ConocoPhillips, the third largest U.S. oil company by market value, reported a surge in 2Q2008 net income on higher commodity prices. Overall, the Houston-based major's North American natural gas production was down from a year ago, but the decline was partially offset by higher output from the company's holdings in the San Juan Basin.
U.S. production averaged 787,000 boe/d, in the quarter, compared with 848,000 boe/d in 2Q2007. U.S. gas production totaled 2,132 MMcf/d, compared with 2,319 MMcf/d a year earlier. Alaska gas output totaled 98 MMcf/d, compared with 100 MMcf/d a year ago; Lower 48 gas output was 2,034 MMcf/d, down from 2,219 MMcf/d in 2Q2007. ConocoPhillips' Canadian gas volumes averaged 1,055 MMcf/d, down from 1,133 MMcf/d in 2Q2007. Kenai, AK, liquefied natural gas (LNG) sales volumes reached 72 MMcf/d in 2Q2008, which was flat from a year earlier.
Worldwide, production averaged 1.75 million boe/d, down from 1.91 million boe/d in 2Q2007. The decrease, said the company, "was primarily due to downtime associated with planned and unplanned maintenance activities, mainly in the United Kingdom, Norway, Alaska and Canada."
CEO Dave O'Reilly told energy analysts during a conference call last week that ConocoPhillips has a "nice portfolio of both conventional and nonconventional assets in North America that we need to exploit over the next couple of years. We spread this out in a way to make sure we do it well.
"We don't want to give up the opportunity to drill wells" in Canada or the United States, he said. "There's a question of how fast we go, but we have a great portfolio...where we plan to do aggressive exploitation. We do continue to pick up acreage, but our approach is to quietly do that, not only in existing areas but also in what will become the new hot areas in the future."
ConocoPhillips won't likely be looking for large North American acquisitions, he said.
"We have made large acquisitions of assets in the past, but I don't think the environment is right to do that for shareholders," O'Reilly said. "We will concentrate more on organic growth, as we've outlined."
The integrated major's U.S. onshore has operations in the San Juan, Piceance, Wind River, Williston, Anadarko, Permian, Fort Worth, Uinta and Black Warrior basins, as well as the Guymon-Hugoton trend in the panhandles of Texas and Oklahoma; the Lobo trend in South Texas; the Bossier trend in East Texas; Louisiana; and the Texas Gulf Coast. ConocoPhillips also is Alaska's largest oil and gas producer, and it has extensive Gulf of Mexico operations.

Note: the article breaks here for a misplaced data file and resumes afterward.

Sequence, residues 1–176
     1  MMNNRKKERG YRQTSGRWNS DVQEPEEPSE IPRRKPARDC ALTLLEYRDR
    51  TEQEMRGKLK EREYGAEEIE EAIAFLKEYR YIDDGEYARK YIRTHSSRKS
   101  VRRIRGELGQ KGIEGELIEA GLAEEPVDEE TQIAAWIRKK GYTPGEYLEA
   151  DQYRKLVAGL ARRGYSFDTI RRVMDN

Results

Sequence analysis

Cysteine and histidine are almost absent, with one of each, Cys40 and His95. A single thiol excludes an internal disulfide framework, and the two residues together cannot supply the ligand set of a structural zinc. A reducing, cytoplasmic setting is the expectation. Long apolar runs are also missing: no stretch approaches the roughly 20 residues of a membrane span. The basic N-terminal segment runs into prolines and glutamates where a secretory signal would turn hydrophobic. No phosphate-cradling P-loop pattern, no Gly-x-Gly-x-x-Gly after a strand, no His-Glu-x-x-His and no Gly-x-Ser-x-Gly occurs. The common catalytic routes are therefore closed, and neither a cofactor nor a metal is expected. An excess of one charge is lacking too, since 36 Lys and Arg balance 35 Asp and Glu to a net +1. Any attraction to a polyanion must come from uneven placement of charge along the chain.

The company reported net income of $5.44 billion ($3.50/share), compared with $301 million (18 cents) in 2Q2007. The results jumped from a year ago because ConocoPhillips' quarterly earnings in 2007 included a write-down of $4.81 billion from the expropriation of Venezuelan oil projects. Adjusted for the item, earnings a year ago were $2.90/share. Revenue in 2Q2008 rose 51% to $71.4 billion.
The producer's U.S. gas prices averaged $9.69/Mcf in 2Q2008, well ahead of the $6.49 of a year ago. ConocoPhillips fetched $9.74/Mcf for gas in the Lower 48, up from the $6.51/Mcf that it received in 2Q2007. ConocoPhillips' Alaskan LNG sold for $7.15/Mcf, up from $5.86 a year ago.
Asked about the current operating environment for energy companies in the United States, O'Reilly said he thought public opinion was beginning to favor more energy exploration.
"First of all, public opinion is moving pretty fast here in the last few months, they are understanding the challenge, the issues, of the high cost of oil and gas," he said. "Washington [DC] and the states are open to more acreage opening up, which is what the industry has always been looking for. We've always had a lot of resources, lots of indigenous resources, so this is very, very encouraging. Hopefully, we'll see more movement on that."
Of a possible windfall profits tax, high fuel prices make the subject "an easy one to talk about," said O'Reilly. "On the other hand, the companies are reinvesting income back into the development of energy both downstream and upstream, and we need the cash to reinvest. It costs a lot more to do work to create a barrel of oil than it did in the past. The tax is not warranted and it would come at a huge cost to the capital costs of what it takes to produce oil and gas.
"Furthermore, windfall profits taxes have been tried and they didn't work. They led to less supply, and they had a higher impact on the costs of energy. It's important to get that message out. I don't think it's warranted, and people have to understand what [Congress] is talking about."
O'Reilly said it is "encouraging" that there appears to be a "swing in public opinion" in favor of more U.S. drilling. "The media has become more balanced," he said. "For the American public, it has been a hardship, the cost of energy, particularly for those with less income."
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